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Lethbridge Herald Newspaper Archives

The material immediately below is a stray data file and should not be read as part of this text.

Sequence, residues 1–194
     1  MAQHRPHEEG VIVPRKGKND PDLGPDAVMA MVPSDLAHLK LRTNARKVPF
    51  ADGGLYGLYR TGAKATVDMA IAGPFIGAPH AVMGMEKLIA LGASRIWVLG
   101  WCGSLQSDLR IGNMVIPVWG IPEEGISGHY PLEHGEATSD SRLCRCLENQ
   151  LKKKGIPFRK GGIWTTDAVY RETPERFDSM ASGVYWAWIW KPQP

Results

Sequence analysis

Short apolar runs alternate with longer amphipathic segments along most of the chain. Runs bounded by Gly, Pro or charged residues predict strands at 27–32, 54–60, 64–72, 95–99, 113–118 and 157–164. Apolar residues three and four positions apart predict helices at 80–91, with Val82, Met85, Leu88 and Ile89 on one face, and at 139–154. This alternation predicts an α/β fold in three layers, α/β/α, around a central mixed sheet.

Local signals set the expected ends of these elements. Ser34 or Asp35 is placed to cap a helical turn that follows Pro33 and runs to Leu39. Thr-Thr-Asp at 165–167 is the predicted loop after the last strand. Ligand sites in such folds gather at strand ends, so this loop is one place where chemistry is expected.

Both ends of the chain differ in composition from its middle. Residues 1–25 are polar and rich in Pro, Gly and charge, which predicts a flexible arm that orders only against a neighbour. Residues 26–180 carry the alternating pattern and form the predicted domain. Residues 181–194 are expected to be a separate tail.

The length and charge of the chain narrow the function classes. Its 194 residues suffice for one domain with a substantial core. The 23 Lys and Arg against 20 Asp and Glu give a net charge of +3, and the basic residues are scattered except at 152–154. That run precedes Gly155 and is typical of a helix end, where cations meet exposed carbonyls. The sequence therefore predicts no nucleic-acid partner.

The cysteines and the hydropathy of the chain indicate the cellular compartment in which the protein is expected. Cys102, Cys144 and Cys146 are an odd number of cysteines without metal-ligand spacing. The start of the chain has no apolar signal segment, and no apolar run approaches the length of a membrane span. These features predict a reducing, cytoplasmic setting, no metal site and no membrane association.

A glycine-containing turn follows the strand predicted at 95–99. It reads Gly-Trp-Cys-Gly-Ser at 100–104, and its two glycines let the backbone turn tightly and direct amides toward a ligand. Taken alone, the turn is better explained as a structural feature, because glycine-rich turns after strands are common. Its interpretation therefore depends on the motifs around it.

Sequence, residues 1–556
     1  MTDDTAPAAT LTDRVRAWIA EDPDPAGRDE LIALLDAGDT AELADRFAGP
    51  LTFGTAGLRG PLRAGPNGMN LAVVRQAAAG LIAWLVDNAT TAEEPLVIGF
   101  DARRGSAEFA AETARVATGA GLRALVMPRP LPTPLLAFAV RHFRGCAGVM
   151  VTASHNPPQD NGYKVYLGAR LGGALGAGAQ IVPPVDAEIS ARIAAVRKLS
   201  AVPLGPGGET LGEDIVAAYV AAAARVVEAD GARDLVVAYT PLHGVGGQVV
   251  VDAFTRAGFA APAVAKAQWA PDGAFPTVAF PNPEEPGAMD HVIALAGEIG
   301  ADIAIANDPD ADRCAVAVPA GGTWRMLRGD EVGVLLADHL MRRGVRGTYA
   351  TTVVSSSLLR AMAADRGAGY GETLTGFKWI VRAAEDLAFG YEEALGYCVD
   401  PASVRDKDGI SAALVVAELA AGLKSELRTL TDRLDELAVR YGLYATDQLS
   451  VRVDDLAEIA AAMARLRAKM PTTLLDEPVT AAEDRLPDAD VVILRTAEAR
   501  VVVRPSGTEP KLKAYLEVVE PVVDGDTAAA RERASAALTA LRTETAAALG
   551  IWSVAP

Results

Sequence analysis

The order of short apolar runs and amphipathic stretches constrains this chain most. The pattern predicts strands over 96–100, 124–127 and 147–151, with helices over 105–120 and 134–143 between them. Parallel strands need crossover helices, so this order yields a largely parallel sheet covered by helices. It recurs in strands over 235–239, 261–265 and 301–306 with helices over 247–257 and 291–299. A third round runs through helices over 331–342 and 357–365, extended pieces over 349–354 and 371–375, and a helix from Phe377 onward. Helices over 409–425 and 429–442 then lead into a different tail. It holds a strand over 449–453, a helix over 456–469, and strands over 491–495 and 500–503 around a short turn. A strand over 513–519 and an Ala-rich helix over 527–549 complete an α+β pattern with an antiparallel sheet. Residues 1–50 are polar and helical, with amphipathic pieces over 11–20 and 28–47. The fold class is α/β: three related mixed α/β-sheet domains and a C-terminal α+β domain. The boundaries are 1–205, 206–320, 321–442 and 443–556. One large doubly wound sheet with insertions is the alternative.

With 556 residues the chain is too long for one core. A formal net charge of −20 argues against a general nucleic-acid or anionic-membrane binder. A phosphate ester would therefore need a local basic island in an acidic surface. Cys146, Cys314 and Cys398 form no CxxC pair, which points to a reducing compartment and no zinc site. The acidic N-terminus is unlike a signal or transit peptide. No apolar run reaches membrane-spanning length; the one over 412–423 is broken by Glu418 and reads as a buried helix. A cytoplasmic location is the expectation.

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Lethbridge Daily Herald (Newspaper) - March 14, 1918, Lethbridge, Alberta THE LETHBRIDGE DAILY HERALD THURSDAY, MARCH 14. 1918 "BRINGING UP FATHER" By G, McManus J REr1EM3EfJ -MR.TBMPO IS COMINC, THIS EVENING TC PIKf FOR ot> AND I WANT YOU To BE G.U1E.T- C~ 1 vvl SH HIM THE tU. J.OCK THE PIANO AND THROW THE KEY AVAY. - HE'LL NOT PLAV HERETONICHT. J I'M -bORRY.  MR TEMPO-BOT I CAN'T OPEN THE PIANO- BASEBALL BOXING RACING SPOR HOCKEY GOLF BOWLING MILL WILL BE Never has there been the 'fanning" among the multitude of ring follower* in this city as has been the case since Clonie Talt blew In on Tuesday afternoon for his 10 round bout tonight with Neal Allison, the 133-pound champion of Iowa. For Tait, the Canadian champ, has given the bugs the surprise of their lives, by his unprecedented improvement since his bout here with Jack Whitey tast fall,and where, bofore his arrival, Allison appeared 'to be the favorite in the betting, Talt has come along and by his thowing has made it even money or even better. "One hundred per cent, improvement," was Al Ross' verdict on Talt, tfter he had worked out three rounds with the champ, which for blinding ipccd had never been surpassed. Ross and Tait gave each other everything they had and Tait was there every inch of the way. He has speeded up wonci^rfully, is just as rugged as ever and packs hi3 same old punch. Not a fan in the city is going to miss this go if this morning's indications count for anything. And the fans from the district were beginning to flock in by noon by train and motor. The biggest crowd of the season wil! undoubtedly witness this wind-up of the boxing season. Good preliminaries have been arranged. The preliminary bouts will tart at 8.45 and the main go at 9.15. Tait and Allison both expressed themselves to the Herald this morning as confident of a win. Tait says he will show the fans some real ring work and thinks his stock in the west will go up as a result ,cf the bout w'rth the iowan, Allison is now the champion of Iowa and he Is out to win for It means something to him in his ring career to beat the Canadian champion. So we shall see tonight, we shall see. I E A GREAT STRUGGLE The basketball games between Ray tnond and Stirling aft worthy of spec-i ial mention and the aen.or game can i be salt] to be one of the hardest; fought battles ever played In Southern Alberta. It ;kept the crowd from the beginning of the game till final time in a great heat, of excitement. The Raymond playem and supporters are particularly pleased over this victory as it is the only time a Sugar Town quintet ever, this year or in years gone by, succeeded in defeating the Stirling seniors. Stirling don't by any means feel humiliated) how-*verj aB they only lost by one measly little point. The intermediate game was well contested and a fast game, but the Raymond boys by much superior combination rather decisively defeated the Junction town boys by the score 23-1G. There was some nice shooting done, Redd securing four dandies in the first half and- "Cornflakes" Fairbanks taking his turn in the second half, tearing off four hair raising field fcaikets. Fisher played his usual steady game at centre and also figured in the scoring. Stirling trotted out the strongest line up this year, including "Vic" Spackman and Hollman. T'nerp was some good shooting but their team work was Inferior to their opponents. D. Mlcholson played a good game at centre, ringing up three field baskets. Raymond also won the junior game after a stiff battle by the score 12-11-Stirling led most of the way but the Raymond juvenile's finished strong. The line up of the Senior game 'was Stirling: Raymond: V. Spackman. .20 F. Meldrum ..23 Brandley........ F. Burr...... Mlcholson.....10 C. Nalder .. ..10 Ostlund....... 2 G. Skouson ... Mlcholson..... G. Butler .. .. 32 ' 33 The scores and line-up of the Intermediate game were as follows: Stirling: Raymond: Forward E.V. Spackman. 7 Redd......10 Forward D. Hollman____ 3 Fairbanks .. .10 Centre D. Micholson... 6 Fisher .. ..-.:) Guard Hartley........ Jensen..... Guard Anderson...... Roniney .. .. 16 29 TOMMY GIBBONS WINS Baltimore, Md., Mar. 13.-Tommy Gibbons of St. Paul knocked out Silent Martin of Brooklyn in the tenth round here tonight. Golf in Canada is Thriving Despite The World War Louis Lee Arms writes as follows in The New York Tribune:--It is said that there are more golf courses under construction In Canada now than there ever have. been. This Is unexpected news and Is gratifying as showing the tremendous hold golf has gained upon both the Dominion and the United States. Any one who has followed the history of the war knows of the heroic activity of Canadian troops. Tlie expansion 'of golf in a country which has given richly of its blood for the cause is one of the slncereat compliments ever paid to the old Scottish game. Ill the United States this season there probably will be played a large number of amateur and professional matches the receipts of which will go to the Red Cross and other war work bodies. The professional have signified their willingness to continue the programme which last season netted some $25,000 for the Red Cross. The amateurs may be counted upon to do likewise. Montreal, Mar. 13.-Torontos won the championship of the National Hockey league and the right to play the Pacific Coast league champions for the Stanley Cup, tonight, when tlie Canadians failed to wipe out the four goal lead which Toronto secured on their own ice in the first game Monday night. Canadiens won tonight's game 4 to 3, leaving the complete score for the series, Toronto 10, Canadiens 7. McGraw Should Get Good Work From His Heavers-three Great Southpaws SURPRISE FOR IHE I0T PLAYS League Leaders Are Trounced Two Out of Three-Shover Gets Honors Experiments are Costly and the Government says we must economize to win the war. !W CHE LIN TIRES and TUBES have stood the test for years. Bijou Motor Parlors Limited Bojivlers in the doubles league at tlie Dominion alleys worked overtime last night and rolled oft four games of the series. Benton and Dickson took two out of three from the league leaders, De Manbey and Irwin. Irwin was high single and high total with 212 and 558. Murray and Prey dropped two to Smith and Evans, though Frey was high single and total with 211 and 558. Aird and Raymond took three straight from Smith and Evans, tlie winners bowling a great game. Raymond was high single with 190 and Aird high total with 52-4. Willetts and Shovervjook Millar and Liscombe into camp two out cAhree in a close encounter. Shover copped both honors with 211 and 572, high total for the evening series. The scores: Benton...... 168 173 124- iC>5 Dickson...... 180 147 204- 540 De Manbey Irwin .. 357 1120 114 15S 212 204 82G- 362 32S-1005 144- 4 If. 142- 558 Murray Frey .. Smith Evans 106 1C5 271 134 191 134 211 345 129 159 1 46- 182- G- 974 | 38(i | 558 328- 944 180- 443 1S2- 532 325' 288 302- 975 Aird........ 189 149 180 - 524 Raymond ..... 168 16p 190- 518 357 309 376-1042 Smith ..|..... 1*7 Yil 104- 388 Evans....... 188 149. 160- 497 335 286 264- 885 Willet'ts...... 118 130 157- 405 Shover....... 179 182 211- 572 ' Millar .'...... 159 127 193- 479 Liscombe...... 176 155 1G2- 493 When John J.' McGraw obtained the signature of Ferdinand Schupp to a contract at Louisville on Friday night he assured the New York Giants the strongest pitching staff in the National League, if "form" is anything in baseball. For class there are not three better southpaws in the entire league than Schupp, Sallee and Beaton, and their presence on one team gives it a preponderance of effectiveness of the port side variety that cannot be underestimated over a stretch of 154 games. Even if George (Poll) Perritt had "runout" the Giants' right handers are not a corps to he sneezed at when in form. Jeff Tesroau and Prod Anderson are as good a pair of sptthall twirlers as ever slapped a slippery elmed pellet over the pan, the latter only needing a little more staying power to be a star. Al Demaree is a dependable boxman, cool and crafty. But the pride of McGraw's righthanders this years will be unless all signs fall a massive youth from the Boston Braves, Jess Barnes. Jess is an iron man of the McGinnity type. Hf- pitched in fifty games last year and of his, full contests won thirteen losing twenty-ono; this for a. losing, weak hitting team. McGraw says he will hn disappointed,if Barnes doesn't win twenty-five games this season and those who have closely studied him in action declare he is certain to do it with the support that the Giants can give him in the field and at the bat. Then McGraw has another big youngster from the West-Roy Johnson, the McAIester Machine Gun. He is a 200-pound baby, way over 6 feet tall and possessed of great speed and control. He may stand the test at JIarlin so .successfully that he will get a chance in his first year in big company. Comment of Eastern Press is Very Favorable To the Westerners There has been a lot of comment in th� eastern papers over the win of the Ypres puck-chaBers over the speedy Kttchener champs. Here's what they say: * Toronto News C. H. Good, in the News says: "The result of the Kitchener-Winnipeg contest was a great surprise to j the critics that had expected that playing under the six-man style, the O. H. A. champions would win by a fair margin. The speed of the westerners took the fans by the ears and the general opinion is that the cup will return to the west, though Kitchener Is likely to play a much better game on Thursday night it the ice is hard. It was slow last night and the elusive eastern puck chasers' could not get going. The gate receipts were $7,000, the largest of the season. The Globe says: "Last night's contest was in striking contrast to the night before. The Allan Cup contest was played hard! It was clean hockey without resorting to the cannibal methods adopted by the Torontos and Canadiens on Monday." The Mail and.Empire says: "On the play witnessed last night ! and the ice in the same condition, there is little doubt that the trophy will go west, but if the Ice is hard and conditions up to the mark for the second game, it is hardly likely that the one goal margin will play much of a part In the Issue. Either one team or the other will win by a good � margin under these conditions and though one can guess at tlie ability of the western, team on hard lice, Kitchener looks the best bet then." The Globe says: "The Winnipeg aggregation outweighed the Kitcheners, outskated and outchecked them. The westerners furnished brilliant hockey and in view of the fact that they were playing on artificial ice that was in bad condition, under a style of play that was totally unfamiliar to them and in a strange rink, they are deserving of great credit for their.remarkably clever exhibition." Lethbridge basketball bugs will have a chance to see some more real action Friday night, when Raymond and Stirling will stage their play-off game on the local floor. There has not been a good game played here for a long time and some of the fans have been pining for another contest. It will be a life and death itruggle when these two teams clash for the deciding game, and the fact that each team ha* won a game apiece and have ever been the keenest rivals, is insuring enough that It will be one of the best battles ever staged in Lethbridge. For en additional attraction the Tsber team is being imported to play against Raymond's fast second team. This ought to be a good enough exhibition in itself and It looks as If Friday night will see all the Southern Alberta teams in action at once. A general good time is planned for the visiting teams and a big dance will be held immediately after the games. CUBS GO SOUTH Chicago, Iut.  12.-The Chicago Nationals left here in two special cars tonfght for the spring training camp at Pasadena, Cal. There was a rush of hold outs to sign their contracts and all players with (he exception of Grover Alexander and Peter Kilduff, an Infielder, came to terms. Alexander advised President Weegliman that he would join the club at Kansas City tomorrow. Kilduff also will join the party at Kansas City. Manager Fred Mitchell is confident he can satisfy the demands of Alexander, who wants a $10,000 bonus for his transfer from Philadelphia. L T Jacksonville, Fla,, Mar. 13.-When asked today whother an offer of $120,-000 had been made from New Orleans to stage the proposed Willard-Fulton championship bout in that city, Jetsu Willard said he knew nothing of any such offer. Wtllard said he expected to hear of an agreement from Kansas City tomorrow. BOUT BETWEEN BIG St. Louis, Mar. 14.-Fred Fulton, heavyweight fighter and his' manager, Mike Collins, left here test night for Kansas City, where they expect to sign for a championship bout between Jess Willard and Fulton on July'4. Telegrams to Collins from J. C. Miller, who will meet Fulton and Collins in Kansas City, Thursday, say that Willard has agreed to meet Fulton on July 4. A New Orleans promoter, it was stated, has offered $120,000 for the fight. Alberta Buffet and Grill 411 Fifth St. S. Opposite ORPHEUM THEATRE Still at the Old Stand EVERYTHING FRESH AND CLEAN STRICTLY WHITE HELP GEO. ADDISON - PROP. Phone 1827 BOXING MAJESTIC THEATRE LETHBRIDGE TONIGHT (Thursday) MAIN EVENT AT 9.15 10 - ROUNDS - 10 CLONIE TAIT Lightweight Champion of Canada vs. N E AL ALLISON Of Waterloo, Iowa GOOD PRELIMINARIES PRICES Ringside ....... ----.... $2.80 Main Floor ........$2.00, $1.80 Balcony .....$2.00, $1.80, $1.00 Seat* Now Selling at Alexandra Hotel Cigar Stand, Lethbridge Hotel Office and Alberta Buffet. After 7.00 o'clock at the Box Office 282 355- 972 Tonight Mercer and Wallis ' .Murray and Frey. play OLD TIME SCRAPPER ILL THE HOUSE OF SERVICE FIFTH UTREET 80UTH LETHBRIDGE, ALTA. New York, Mar. 13.-Mike Donovan, former middleweight champion pugil-: 1st of America, is dangerously ill in a Bronx hospital. Donovan is suffering from pneumonia. Until several days ago he was engaged In recruiting ; for a, state guard regiment. \ Veedol Veedol 03 is Pure Pennsylvania. Oil. We buy it by the carload to insure our customers the lowest possible price. There is no better oil made. It will go one-third farther than ordinary oil. it will save you many dollars in repair bills. BAALIM MOTOR CO. HOME OF THE CHEVROLET BACK OF UNION BANK HARRY HOI.MAN, Me*. PROF. P. J. BARRY BARONS, ALBERTA March 1st, 1918. We, the undersigned, wish to testify that Prof. Barry's course of instruction in horse Training is all and more than it is advertised to be, the first lesson in our opinion being worth the amount he charges for his full course. The term or expression Horse Breaking may and often does convey the idea that harsh or brutal treatment is necessary In the subduing of horses, but Prof. Barry's system would commend itself to any humanitarian or member of the S. S. P. C. A., as he emphasizes the importance of kindness in all his lessons. In conslusion we may say that Prof, Barry's system is a triumph of trained human Intelligence over "tTie animal mind, and is of inestimable vaiu� to any one whose work or occupation makes it necesBnry for them to handle horses. . i Signed: Alexander MacLean, Alex. Webster, William MacLean, Joseph A. Mackay, William Clark, G. N. Annable, W. Curie, Othemer D. Jones. 74-6 28 519972556693 645?9?74 ;